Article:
We all produce respiratory droplets, which are most often invisible to the naked eye, every day. These respiratory droplets are expelled into the air when we cough, sneeze, talk and/or raise our voices (such as while shouting or singing).
When someone has COVID-19, they can spread the disease to others if their droplets are inhaled by or come in direct contact with the face of another person. We have learned through various recent studies that, in instances where physical distancing is not possible, masks provide additional protection because they act as a simple barrier for those respiratory droplets.
Some people infected with COVID-19 have symptoms, such as coughing and sneezing. However, in many cases, those infected with COVID-19 do not show any symptoms at all, and may not realize they are infected.
This is why the Centers for Disease Control and Prevention (CDC), the World Health Organization (WHO) and many other health care organizations, such as Prevea, recommend that all who are able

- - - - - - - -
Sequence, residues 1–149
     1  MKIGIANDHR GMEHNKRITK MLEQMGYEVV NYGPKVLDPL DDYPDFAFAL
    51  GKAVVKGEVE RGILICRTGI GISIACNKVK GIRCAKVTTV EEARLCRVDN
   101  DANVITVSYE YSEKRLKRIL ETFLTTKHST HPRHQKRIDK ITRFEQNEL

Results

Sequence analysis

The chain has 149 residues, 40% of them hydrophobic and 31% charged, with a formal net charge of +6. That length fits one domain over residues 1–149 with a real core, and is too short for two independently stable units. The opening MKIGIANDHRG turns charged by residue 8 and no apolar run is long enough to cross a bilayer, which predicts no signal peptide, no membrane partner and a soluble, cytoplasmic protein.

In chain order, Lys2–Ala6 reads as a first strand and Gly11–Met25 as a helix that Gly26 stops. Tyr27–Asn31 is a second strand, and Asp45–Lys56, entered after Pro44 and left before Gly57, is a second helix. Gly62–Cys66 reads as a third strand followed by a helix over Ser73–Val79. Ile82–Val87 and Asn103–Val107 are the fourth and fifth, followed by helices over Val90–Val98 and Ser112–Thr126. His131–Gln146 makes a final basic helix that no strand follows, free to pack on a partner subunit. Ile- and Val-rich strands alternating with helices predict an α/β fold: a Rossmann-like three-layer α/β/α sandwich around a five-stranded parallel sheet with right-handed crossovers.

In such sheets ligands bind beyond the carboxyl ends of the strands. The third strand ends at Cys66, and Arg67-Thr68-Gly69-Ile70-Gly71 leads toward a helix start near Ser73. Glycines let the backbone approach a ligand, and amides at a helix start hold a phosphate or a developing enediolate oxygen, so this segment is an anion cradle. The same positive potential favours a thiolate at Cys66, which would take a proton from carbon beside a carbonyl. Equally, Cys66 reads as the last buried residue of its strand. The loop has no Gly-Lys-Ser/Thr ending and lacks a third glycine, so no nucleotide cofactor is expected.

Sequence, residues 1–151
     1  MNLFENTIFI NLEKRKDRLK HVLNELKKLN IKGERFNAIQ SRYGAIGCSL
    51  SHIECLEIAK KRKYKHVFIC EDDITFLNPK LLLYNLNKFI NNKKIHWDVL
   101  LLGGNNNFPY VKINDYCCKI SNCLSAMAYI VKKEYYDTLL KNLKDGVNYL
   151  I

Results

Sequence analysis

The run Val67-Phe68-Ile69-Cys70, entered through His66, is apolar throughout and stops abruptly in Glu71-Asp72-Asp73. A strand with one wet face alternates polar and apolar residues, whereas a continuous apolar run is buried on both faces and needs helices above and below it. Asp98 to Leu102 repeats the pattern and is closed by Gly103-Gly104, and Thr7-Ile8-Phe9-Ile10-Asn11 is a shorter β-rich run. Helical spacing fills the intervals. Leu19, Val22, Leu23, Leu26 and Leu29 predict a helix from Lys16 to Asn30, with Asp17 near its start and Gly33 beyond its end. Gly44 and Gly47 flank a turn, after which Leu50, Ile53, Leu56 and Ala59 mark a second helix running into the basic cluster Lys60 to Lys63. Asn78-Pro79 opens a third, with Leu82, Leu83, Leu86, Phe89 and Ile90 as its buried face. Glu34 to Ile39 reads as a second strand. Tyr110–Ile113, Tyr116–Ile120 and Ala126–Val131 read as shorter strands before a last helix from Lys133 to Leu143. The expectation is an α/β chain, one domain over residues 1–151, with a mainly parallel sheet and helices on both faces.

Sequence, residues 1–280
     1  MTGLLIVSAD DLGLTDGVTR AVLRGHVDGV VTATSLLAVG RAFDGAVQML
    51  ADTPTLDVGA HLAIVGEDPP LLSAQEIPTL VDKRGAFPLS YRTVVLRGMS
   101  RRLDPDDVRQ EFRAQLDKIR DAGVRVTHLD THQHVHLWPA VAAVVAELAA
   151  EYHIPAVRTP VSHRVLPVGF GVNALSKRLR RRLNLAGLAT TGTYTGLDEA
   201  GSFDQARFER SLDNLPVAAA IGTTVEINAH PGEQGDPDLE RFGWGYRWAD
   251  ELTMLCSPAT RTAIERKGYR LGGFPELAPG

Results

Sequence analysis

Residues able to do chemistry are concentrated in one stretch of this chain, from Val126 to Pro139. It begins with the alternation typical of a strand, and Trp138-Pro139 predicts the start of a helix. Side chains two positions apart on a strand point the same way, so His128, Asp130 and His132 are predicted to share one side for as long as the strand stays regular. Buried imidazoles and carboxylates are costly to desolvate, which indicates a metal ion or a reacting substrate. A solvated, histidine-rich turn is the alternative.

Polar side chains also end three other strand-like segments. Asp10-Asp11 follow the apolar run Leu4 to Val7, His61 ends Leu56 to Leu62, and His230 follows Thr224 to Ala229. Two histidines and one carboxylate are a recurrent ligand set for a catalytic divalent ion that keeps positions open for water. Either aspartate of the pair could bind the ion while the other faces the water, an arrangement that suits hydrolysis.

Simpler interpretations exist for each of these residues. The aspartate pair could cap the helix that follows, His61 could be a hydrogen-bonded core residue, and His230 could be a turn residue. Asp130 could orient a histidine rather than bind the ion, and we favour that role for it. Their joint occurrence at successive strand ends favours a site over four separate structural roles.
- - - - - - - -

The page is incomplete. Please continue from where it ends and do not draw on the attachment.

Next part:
, (not just those infected with COVID-19 or those showing symptoms of COVID-19) wear a mask outside in public settings and around people outside of your household during the COVID-19 pandemic.
Wearing a mask is not guaranteed to prevent you from contracting COVID-19. However, when you wear a mask, you are helping to protect others
from contracting the virus by creating a simple barrier between your respiratory droplets and those around you. This practice is most effective when you also physically distance yourself from others (at least 6-feet) and practice good hygiene.
Scientific studies show effectiveness of masks
Face Masks Against COVID-19: An Evidence Review
Visualizing the effectiveness of face masks in obstructing respiratory jets
Additional emerging evidence about the effectiveness of cloth masks